This post is about things that go ‘bump in the night’. No, it’s not really. It’s about an illustration that I produced from some photographs and sketches that I did in the garden. I spied this wizard bear (which I thought was rather like an ursine version of Harry Potter) in a local shop. I named him ‘Hector’ and could tell that he would make a cute illustration for the calendars and cards I was producing. Selecting an autumnal part of the garden (luckily it was autumn), and with the addition of some specially selected branches and leaves – of gold and vermilion – I set the scene.
This drawing was quite difficult, as after drawing nine blades of grass in minute detail I start to go a bit stir-crazy. I have even seen me go to the kitchen sink and wash a pile of dishes, rather than draw and shade one more blade of grass… The wizard’s gown and hat were quite an ordeal too, as the gold dot, moon and star pattern kept getting tarnished by the ultramarine and indigo blues surrounding them.
I loved the jack-o’-lantern and pumpkin that I used in the picture. I ordered them especially for this illustration from a up-and-coming teddy bear company in America. In fact, I liked them that much that I purchased several of them to get the very one I wanted. I realise a lot of people look at my illustrations, some with disinterest (you can’t please everyone), but others say ‘That’s nice’, without realising the amount of hours – setting the scene – dressing the bear – finding the props – and then the laborious hours spent at the drawing board. However, during the time I was creating the teddy bear illustrations there were a number of customers, who would point out certain details, saying ‘The details here is marvellous, do you incorporate photography into your illustrations?’ Comments like that made all of the hours spent drawing a lawn, or whatever, seem SO worthwhile.
I dedicated this picture to my friend, Tracey A. Dixon, who greatly appreciated it, so much so, that I believe she owns the original illustration and Hector too!
May this night the ghosts be seen,
On the feast of Hallowe’en.
Don’t be worried if they’re there,
Remember you’re a big brave bear!
I was approached from Judith, a former work colleague and friend, to do three illustrations for her adorable grandchildren: Eleanor, Felicity and Matilda. Felicity and Matilda are twins, so I tried to use similar colours for their birth names, but gave them totally different themes.
Judith thoughtfully and wisely provided me with a list of ‘favourite things’ that the girls liked and enjoyed doing. With Felicity and Matilda she also provided me with the first two words that the girls could utter. Felicity’s was the rather advanced word ‘teapot’ and Matilda’s word was rather cute – ‘goggly’. I decided to use these two key words to provide the basis and theme of the illustrations. Felicity is making her friends a cup of tea, from the aforementioned teapot, whilst Matilda is hanging out her washing (another one of her favourite things) with a t-shirt with rather goggly eyes.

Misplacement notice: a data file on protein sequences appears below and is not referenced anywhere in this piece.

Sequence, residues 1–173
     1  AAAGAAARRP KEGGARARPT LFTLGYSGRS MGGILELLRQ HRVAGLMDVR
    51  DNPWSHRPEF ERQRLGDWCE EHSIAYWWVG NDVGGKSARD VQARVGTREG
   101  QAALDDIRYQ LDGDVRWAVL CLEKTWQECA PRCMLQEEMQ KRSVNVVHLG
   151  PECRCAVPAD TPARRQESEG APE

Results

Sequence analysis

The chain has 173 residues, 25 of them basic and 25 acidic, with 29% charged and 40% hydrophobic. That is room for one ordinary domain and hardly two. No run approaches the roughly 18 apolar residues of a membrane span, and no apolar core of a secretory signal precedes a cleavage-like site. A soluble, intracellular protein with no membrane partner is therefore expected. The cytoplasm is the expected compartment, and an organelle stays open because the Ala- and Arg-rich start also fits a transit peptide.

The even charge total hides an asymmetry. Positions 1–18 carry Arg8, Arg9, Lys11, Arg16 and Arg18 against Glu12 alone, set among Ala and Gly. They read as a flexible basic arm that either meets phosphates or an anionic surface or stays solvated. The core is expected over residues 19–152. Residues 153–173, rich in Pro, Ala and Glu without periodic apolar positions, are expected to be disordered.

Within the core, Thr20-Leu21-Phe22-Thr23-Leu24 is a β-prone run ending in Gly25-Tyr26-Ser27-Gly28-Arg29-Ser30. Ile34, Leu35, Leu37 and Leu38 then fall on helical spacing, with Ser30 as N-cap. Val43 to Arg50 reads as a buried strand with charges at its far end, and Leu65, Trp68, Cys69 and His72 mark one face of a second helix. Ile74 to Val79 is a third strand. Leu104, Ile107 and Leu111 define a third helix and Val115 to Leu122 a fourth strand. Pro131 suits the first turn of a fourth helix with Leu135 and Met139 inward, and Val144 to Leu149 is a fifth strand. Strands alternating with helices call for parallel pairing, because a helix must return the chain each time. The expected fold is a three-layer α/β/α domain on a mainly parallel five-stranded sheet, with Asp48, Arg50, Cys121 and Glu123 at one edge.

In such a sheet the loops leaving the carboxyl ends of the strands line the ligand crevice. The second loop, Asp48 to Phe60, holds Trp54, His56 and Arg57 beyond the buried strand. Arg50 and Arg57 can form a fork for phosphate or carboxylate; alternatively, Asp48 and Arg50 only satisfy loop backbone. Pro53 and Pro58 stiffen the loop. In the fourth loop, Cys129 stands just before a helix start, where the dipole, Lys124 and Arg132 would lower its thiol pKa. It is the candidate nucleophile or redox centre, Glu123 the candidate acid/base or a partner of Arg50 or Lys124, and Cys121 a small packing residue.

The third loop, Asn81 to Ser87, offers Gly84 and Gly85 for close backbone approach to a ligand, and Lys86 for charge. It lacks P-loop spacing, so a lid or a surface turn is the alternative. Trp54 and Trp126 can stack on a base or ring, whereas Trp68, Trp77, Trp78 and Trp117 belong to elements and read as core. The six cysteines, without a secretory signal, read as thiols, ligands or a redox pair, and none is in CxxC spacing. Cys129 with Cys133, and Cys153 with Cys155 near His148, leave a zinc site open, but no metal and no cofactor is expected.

I was delighted to do this trio of illustrations (I will post a picture of Eleanor’s illustration at a later date), and was equally delighted that the illustrations received full approval from Judith, whose comment is shown below. I do hope that the girls will treasure these illustrations as they go through life and that they will always give them some delightful childhood memories, as well as remind them of a special love, given to them by a grandmother, that commissioned these illustrations especially for them…
Thank you so much for the beautiful pictures! Lots of love from Judith xxx We will cherish them!
To see the process of how I create these bespoke, hand-drawn illustrations, please take a look at the posts in May (Phoebe) and June (Joshua).
I was never considered academic at school. The fact that I came out of Grammar School with any results at all is still a mystery to me (and probably my teachers too!). I remember my French teacher saying that I spent most of my time looking out of the window drawing butterflies. I don’t think I was his most favourite (or attentive) pupil. I do remember looking out of the window (now and then), but I must admit to doodling during lectures. I am not sure if the subject matter was always butterflies (or any other insect for that matter), but I do remember doing lots of squiggly, whirly shapes, which I shaded in a cross-hatching fashion.
The subject of doodles has somewhat been a fascination to me and I wonder what psychologists would make of my doodles*… Perhaps there is a lot to tell from the way that we scribble in the corners of our notepads. Writing that last sentence filled me with certain sadness, in the fact that doodles are probably a dying art. How many people actually have a paper notepad anymore? Nowadays most people use computers or personal mobiles to record information. Do these allow one to doodle? Being an old-fashioned pen-and-paper chap I still love the art of doodling, when time allows of course.
Despite my lack of good examination results at school, I redeemed myself in later life… When I worked at the local college, I re-studied a lot of my essential subjects and with the help (and patience) of two fantastic teachers, namely Mr S. Lane and Mrs C. Johnson, I passed my examinations in English and Mathematics. Passing my Maths exam was one of the greatest accomplishments of my life, as I am so bad at that subject. Admittedly, I gained a much better grade in English (an A*), but it was my Maths that gave me the greatest pride in my achievements. I am sure that my senior school teachers would have been proud (and flabbergasted) too.
*On second thoughts, I would not really like to know what psychologists would derive from my doodles. I have a sneaky feeling that the results would be all too depressing!
Doodle. Noun: A figure, design or scribble drawn or written absentmindedly.